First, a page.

Henshaw H, McCormack A, Ferguson MA. Intrinsic and extrinsic motivation is associated with computer-based auditory training uptake, engagement, and adherence for people with hearing loss. Front Psychol. 2015;6:1067. https://doi.org/10.3389/fpsyg.2015.01067.
Limayem M, Hirt SG. Force of habit and information systems usage: theory and initial validation. J Assoc Inf Syst. 2003;4(1):65–97.
Ryan RM, Deci EL. Intrinsic and extrinsic motivations: classic definitions and new directions. Contemp Educ Psychol. 2000;25(1):54–67. https://doi.org/10.1006/ceps.1999.1020.
Gardner B, Lally P. Does intrinsic motivation strengthen physical activity habit? Modeling relationships between self-determination, past behaviour, and habit strength. J Behav Med. 2013;36(5):488–97. https://doi.org/10.1007/s10865-012-9442-0.
Deci EE, Ryan RM. Intrinsic motivation and self-determination in human behavior. Perspectives in social psychology. New York: Plenum Press; 1985.
Verplanken B, Aarts H. Habit, attitude, and planned behaviour: is habit an empty construct or an interesting case of goal-directed automaticity? Eur Rev Soc Psychol. 1999;10(1):101–34. https://doi.org/10.1080/14792779943000035.
Wu J, Lu X. Effects of extrinsic and intrinsic motivators on using utilitarian, hedonic, and dual-purposed information systems: a meta-analysis. J Assoc Inf Syst. 2013;14(3):Article 1.
Venkatesh V, Speier C. Computer technology training in the workplace: a longitudinal investigation of the effect of mood. Organ Behav Hum Dec. 1999;79(1):1–28. https://doi.org/10.1006/obhd.1999.2837.
Aarts H, Paulussen T, Schaalma H. Physical exercise habit: on the conceptualization and formation of habitual health behaviours. Health Educ Res. 1997;12(3):363–74. https://doi.org/10.1093/her/12.3.363.
Limayem M, Hirt SG, Cheung CMK. How habit limits the predictive power of intention the case of information systems continuance. Mis Quart. 2007;31(4):705–37.
Ouellette JA, Wood W. Habit and intention in everyday life: the multiple processes by which past behavior predicts future behavior. Psychol Bull. 1998;124(1):54–74.
Aarts H, Dijksterhuis A. Habits as knowledge structures: automaticity in goal-directed behavior. J Pers Soc Psychol. 2000;78(1):53–63.
Puhakainen P, Siponen M. Improving employees’ compliance through information systems security training: an action research study. Mis Quart. 2010;34(4):767–78.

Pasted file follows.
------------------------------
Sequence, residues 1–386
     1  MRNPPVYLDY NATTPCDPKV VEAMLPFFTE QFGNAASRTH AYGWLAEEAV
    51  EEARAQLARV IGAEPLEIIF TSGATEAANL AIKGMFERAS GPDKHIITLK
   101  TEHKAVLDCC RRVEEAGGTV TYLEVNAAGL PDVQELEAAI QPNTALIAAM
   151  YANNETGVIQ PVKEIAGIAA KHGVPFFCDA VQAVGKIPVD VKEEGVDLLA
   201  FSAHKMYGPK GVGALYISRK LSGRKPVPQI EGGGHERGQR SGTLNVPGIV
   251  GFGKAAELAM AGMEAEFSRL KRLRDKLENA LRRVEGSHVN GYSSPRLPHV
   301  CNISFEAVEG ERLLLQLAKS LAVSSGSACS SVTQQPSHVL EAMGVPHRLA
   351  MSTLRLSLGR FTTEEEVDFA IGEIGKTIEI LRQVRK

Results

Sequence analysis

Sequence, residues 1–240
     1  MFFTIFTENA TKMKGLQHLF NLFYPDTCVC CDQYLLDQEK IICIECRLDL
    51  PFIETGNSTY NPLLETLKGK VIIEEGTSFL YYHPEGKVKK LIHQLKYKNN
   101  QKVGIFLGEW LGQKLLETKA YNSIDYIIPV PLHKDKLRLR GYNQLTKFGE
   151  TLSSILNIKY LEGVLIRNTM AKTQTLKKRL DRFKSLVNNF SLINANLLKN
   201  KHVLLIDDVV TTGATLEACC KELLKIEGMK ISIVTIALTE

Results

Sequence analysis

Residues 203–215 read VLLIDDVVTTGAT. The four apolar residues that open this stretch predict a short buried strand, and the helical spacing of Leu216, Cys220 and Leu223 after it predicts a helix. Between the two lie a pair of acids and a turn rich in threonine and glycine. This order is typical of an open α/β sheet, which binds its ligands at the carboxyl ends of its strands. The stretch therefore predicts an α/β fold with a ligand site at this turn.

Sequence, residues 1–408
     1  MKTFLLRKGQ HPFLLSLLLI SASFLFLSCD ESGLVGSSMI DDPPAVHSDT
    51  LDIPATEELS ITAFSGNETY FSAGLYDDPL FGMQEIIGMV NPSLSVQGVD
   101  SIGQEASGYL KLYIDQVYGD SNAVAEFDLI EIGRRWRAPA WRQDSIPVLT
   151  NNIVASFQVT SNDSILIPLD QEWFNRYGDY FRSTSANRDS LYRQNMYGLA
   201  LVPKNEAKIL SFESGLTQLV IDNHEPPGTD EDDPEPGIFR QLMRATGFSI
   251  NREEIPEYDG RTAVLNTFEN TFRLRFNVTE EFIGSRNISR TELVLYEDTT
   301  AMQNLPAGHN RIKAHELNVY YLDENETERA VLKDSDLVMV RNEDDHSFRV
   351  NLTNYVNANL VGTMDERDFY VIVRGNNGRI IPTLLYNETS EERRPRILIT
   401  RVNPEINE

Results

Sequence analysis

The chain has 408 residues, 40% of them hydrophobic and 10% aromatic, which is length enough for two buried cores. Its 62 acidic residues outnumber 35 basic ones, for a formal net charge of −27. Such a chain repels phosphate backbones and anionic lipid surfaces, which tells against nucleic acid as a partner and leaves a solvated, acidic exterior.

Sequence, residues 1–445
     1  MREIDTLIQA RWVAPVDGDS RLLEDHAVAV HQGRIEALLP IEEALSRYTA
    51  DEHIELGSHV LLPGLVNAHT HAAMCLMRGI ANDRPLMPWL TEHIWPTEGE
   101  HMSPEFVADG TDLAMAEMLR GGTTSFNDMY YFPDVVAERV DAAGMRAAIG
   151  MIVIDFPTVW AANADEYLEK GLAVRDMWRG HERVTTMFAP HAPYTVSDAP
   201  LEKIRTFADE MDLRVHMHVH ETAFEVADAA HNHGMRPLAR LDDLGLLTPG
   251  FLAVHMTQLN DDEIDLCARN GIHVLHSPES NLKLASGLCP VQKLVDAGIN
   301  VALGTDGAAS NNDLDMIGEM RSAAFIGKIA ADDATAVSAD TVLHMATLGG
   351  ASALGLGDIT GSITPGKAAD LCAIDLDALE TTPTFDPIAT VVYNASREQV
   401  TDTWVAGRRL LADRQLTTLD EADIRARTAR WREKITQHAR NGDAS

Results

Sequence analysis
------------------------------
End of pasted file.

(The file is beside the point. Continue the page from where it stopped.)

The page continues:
Charng HW, Piliavin JA, Callero PL. Role identity and reasoned action in the prediction of repeated behavior. Soc Psychol Quart. 1988;51(4):303–17.
Turel O. Quitting the use of a habituated hedonic information system: a theoretical model and empirical examination of facebook users. Eur J Inform Syst. 2015;24(4):431–46. https://doi.org/10.1057/ejis.2014.19.
Wang C, Harris J, Patterson P. The roles of habit, self-efficacy, and satisfaction in driving continued use of self-service technologies. J Serv Res-US. 2013;16(3):400–14. https://doi.org/10.1177/1094670512473200.
Verplanken B, Aarts H, Van Knippenberg A. Habit, information acquisition, and the process of making travel mode choices. Eur J Soc Psychol. 1997;27(5):539–60.
Verplanken B. Beyond frequency: habit as mental construct. Brit J Soc Psychiat. 2006;45(3):639–56. https://doi.org/10.1348/014466605X49122.
Boss SR, Galletta DF, Benjamin Lowry P, Moody GD, Polak P. What do systems users have to fear? Using fear appeals to engender threats and fear that motivate protective security behaviors. Mis Quart. 2015;39(4):837–64.
Siponen M, Adam Mahmood M, Pahnila S. Employees’ adherence to information security policies: an exploratory field study. Inform Manage. 2014;51(2):217–24.
Vance A, Siponen M, Pahnila S. Motivating is security compliance: insights from habit and protection motivation theory. Inform Manage. 2012;49(3–4):190–8.
Warkentin M, Johnston AC, Shropshire J, Barnett WD. Continuance of protective security behavior: a longitudinal study. Decis Supp Syst. 2016;92:25–35. https://doi.org/10.1016/j.dss.2016.09.013.
Davis FD. Perceived usefulness, perceived ease of use, and user acceptance of information technology. Mis Quart. 1989;13(3):319–40.
Herath T, Rao HR. Encouraging information security behaviors in organizations: role of penalties, pressures and perceived effectiveness. Decis Supp Syst. 2009;47(2):154–65.
Zhang J, Reithel BJ, Li H. Impact of perceived technical protection on security behaviors. Inform Manage Comput Secur. 2009;17(4):330–40.
Barnes SJ. Understanding use continuance in virtual worlds: empirical test of a research model. Inform Manage. 2011;48(8):313–9. https://doi.org/10.1016/j.im.2011.08.004.
Hsiao CH, Chang JJ, Tang KY. Exploring the influential factors in continuance usage of mobile social apps: satisfaction, habit, and customer value perspectives. Telemat Inform. 2016;33(2):342–55. https://doi.org/10.1016/j.tele.2015.08.014.
Triandis HC, editor. Values, attitudes, and interpersonal behavior Nebraska Symposium on Motivation; 1980; Lincoln, NE: University Nebraska Press.